Palm Treo Pro Smart Phone
At a Glance
Palm Treo Pro
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A sleek and well connected Windows Mobile Treo, but pricey since it lacks carrier support.
Having enjoyed success with its sporty Centro models, Palm is taking some of the lessons it learned there back to its Treo business line: The Palm Treo Pro integrates certain Centro design elements with the Windows Mobile 6.1 operating system and with the more robust features of contemporary BlackBerrys to produce a sleek smart phone built with the image-conscious corporate user in mind.
All of that style and power doesn't come cheap, however. The Palm Treo Pro debuts at $549. In part, that's because it's being sold unlocked, meaning that you don't get the type of carrier subsidy that has made the iPhone 3G so affordable. But on the other hand, you can use it on any GSM carrier worldwide simply by inserting that carrier's SIM card into the unit. This flexibility is great for frequent travelers--you're not tied to a carrier or a long-term plan, and you can pop in an overseas carrier's SIM card to keep costs down (if you don't mind changing your phone number).
The Treo Pro supports virtually all of the wireless connectivity a person could ask for today: Wi-Fi, GPS, quad-band (world) voice, and high-speed HSDPA/UMTS data networks (in the United States, AT&T Wireless is the only nationwide carrier to support this GSM-family high-speed technology).
In my tests, the Treo Pro delivered adequate (though not outstanding) phone call quality. Unlike the iPhone 3G, the Treo Pro has a removable rechargeable battery, which is rated at 1500 mAh. The Treo Pro's battery provided 4 hours, 25 minutes of talk-time in our lab tests--poorer than the average PDA phone we've tested recently, but 3G phones tend to have a shorter battery life than non-3G phones.
The Treo Pro is exceptionally small, skinny, and light for a business phone, checking in at 2.4 inches wide, 4.5 inches tall, and a mere 0.5 inch thick; it weighs 4.7 ounces. The glossy black phone includes both a hardware keyboard and a transflective 320-by-320-pixel touch screen, which looks crisp and bright. A handy dedicated button on the right side lets you turn Wi-Fi off and on.
The unit comes with 256MB of built-in flash ROM and 128MB of RAM, so most users will want to add a microSD card to accommodate more music, images, videos, and apps. The Treo Pro supports expansion cards with up to 32GB of capacity, far more than most people will need (even the iPhone 3G supports only up to 16GB).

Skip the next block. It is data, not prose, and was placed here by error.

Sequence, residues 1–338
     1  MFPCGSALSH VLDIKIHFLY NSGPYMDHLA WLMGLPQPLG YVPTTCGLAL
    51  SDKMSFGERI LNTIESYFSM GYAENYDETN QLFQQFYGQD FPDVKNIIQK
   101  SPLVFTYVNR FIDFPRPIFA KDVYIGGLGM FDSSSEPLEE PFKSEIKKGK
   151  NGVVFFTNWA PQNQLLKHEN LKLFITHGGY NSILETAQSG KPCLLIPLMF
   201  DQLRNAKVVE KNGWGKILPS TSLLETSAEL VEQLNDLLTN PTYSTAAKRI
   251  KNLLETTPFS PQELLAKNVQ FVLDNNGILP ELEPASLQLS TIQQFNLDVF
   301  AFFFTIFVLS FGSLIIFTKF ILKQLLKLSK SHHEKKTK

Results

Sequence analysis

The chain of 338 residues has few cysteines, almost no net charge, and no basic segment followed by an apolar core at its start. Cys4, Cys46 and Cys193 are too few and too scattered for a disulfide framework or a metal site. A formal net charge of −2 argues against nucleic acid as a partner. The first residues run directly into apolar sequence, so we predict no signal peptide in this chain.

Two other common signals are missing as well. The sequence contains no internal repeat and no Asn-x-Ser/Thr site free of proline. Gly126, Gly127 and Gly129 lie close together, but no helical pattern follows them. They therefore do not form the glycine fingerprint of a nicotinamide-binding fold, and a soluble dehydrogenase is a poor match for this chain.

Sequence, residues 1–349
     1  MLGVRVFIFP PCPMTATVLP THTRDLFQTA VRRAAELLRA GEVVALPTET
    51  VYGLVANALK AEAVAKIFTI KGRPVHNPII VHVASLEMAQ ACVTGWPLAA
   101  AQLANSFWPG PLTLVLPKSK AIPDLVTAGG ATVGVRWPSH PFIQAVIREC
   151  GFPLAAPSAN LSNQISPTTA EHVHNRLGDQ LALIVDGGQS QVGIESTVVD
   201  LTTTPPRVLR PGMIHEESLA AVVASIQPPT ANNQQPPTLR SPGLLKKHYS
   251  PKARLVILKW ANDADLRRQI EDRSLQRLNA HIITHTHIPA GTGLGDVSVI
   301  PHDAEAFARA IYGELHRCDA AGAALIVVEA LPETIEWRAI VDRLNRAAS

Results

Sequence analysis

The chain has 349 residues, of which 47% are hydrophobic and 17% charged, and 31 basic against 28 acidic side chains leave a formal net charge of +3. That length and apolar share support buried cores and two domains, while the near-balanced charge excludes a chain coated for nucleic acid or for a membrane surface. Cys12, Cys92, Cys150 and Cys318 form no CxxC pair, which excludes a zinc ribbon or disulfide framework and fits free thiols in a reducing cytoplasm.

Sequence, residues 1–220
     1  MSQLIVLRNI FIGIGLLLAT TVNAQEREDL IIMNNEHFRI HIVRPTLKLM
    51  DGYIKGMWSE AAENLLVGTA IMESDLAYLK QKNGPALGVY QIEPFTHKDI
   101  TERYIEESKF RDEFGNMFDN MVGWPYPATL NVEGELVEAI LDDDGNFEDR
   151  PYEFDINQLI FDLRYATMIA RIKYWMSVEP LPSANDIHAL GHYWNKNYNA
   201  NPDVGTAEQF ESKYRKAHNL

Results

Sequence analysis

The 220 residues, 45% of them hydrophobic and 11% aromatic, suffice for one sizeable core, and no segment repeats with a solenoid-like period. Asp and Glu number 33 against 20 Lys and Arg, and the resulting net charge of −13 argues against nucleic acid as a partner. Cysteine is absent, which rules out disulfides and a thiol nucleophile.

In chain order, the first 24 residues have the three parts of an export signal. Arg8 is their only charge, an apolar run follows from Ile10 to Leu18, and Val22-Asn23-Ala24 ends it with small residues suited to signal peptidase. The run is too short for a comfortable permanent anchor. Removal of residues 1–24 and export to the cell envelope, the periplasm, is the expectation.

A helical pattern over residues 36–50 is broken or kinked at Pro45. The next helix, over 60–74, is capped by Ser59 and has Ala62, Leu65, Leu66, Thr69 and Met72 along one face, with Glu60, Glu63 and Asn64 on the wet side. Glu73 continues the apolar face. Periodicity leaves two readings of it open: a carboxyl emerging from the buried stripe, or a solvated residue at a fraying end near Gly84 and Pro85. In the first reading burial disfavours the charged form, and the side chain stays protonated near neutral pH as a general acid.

The keyboard, in particular, reflects the Centro influence. Though small, the keys have a plastic veneer that helps prevent fingers from sliding about. I did find the Palm's button layout confusing at times. I kept tapping the blank area below the screen's softkeys, which never produced a response. The Palm also got warm rather quickly.
Palm's home screen provided some welcome tweaks to Windows Mobile. Most notably, an icon in the upper right corner of the Today screen lets you view all running apps and shut down ones you don't need. This addresses an ongoing annoyance with Windows Mobile: It doesn't automatically clean up after itself, which can drain memory and slow the device down.
Palm provides a standard 3.5mm stereo headset jack and a reasonably good earbud headset. In my hands-on experience, the quality of audio and video playback was acceptable. The included 2-megapixel camera was adequate.
Palm preinstalls TeleNav navigation software, but to use it you must pay $10 a month. In my tests, it worked well, delivering good turn-by-turn voice guidance. The Treo Pro also includes GPS-assist software to help it get fixes faster, plus Google Maps, which can use GPS to show your location. Google Maps can create driving directions, but it doesn't provide turn-by-turn voice navigation.
The Treo Pro has plenty of pluses: Svelte good looks, bundled GPS software, a standard earphone jack, and easy Windows Mobile app shutdown. But the Treo Pro's heat issue worries me--and its high unlocked price tag could turn off anyone whose corporate IT department isn't buying.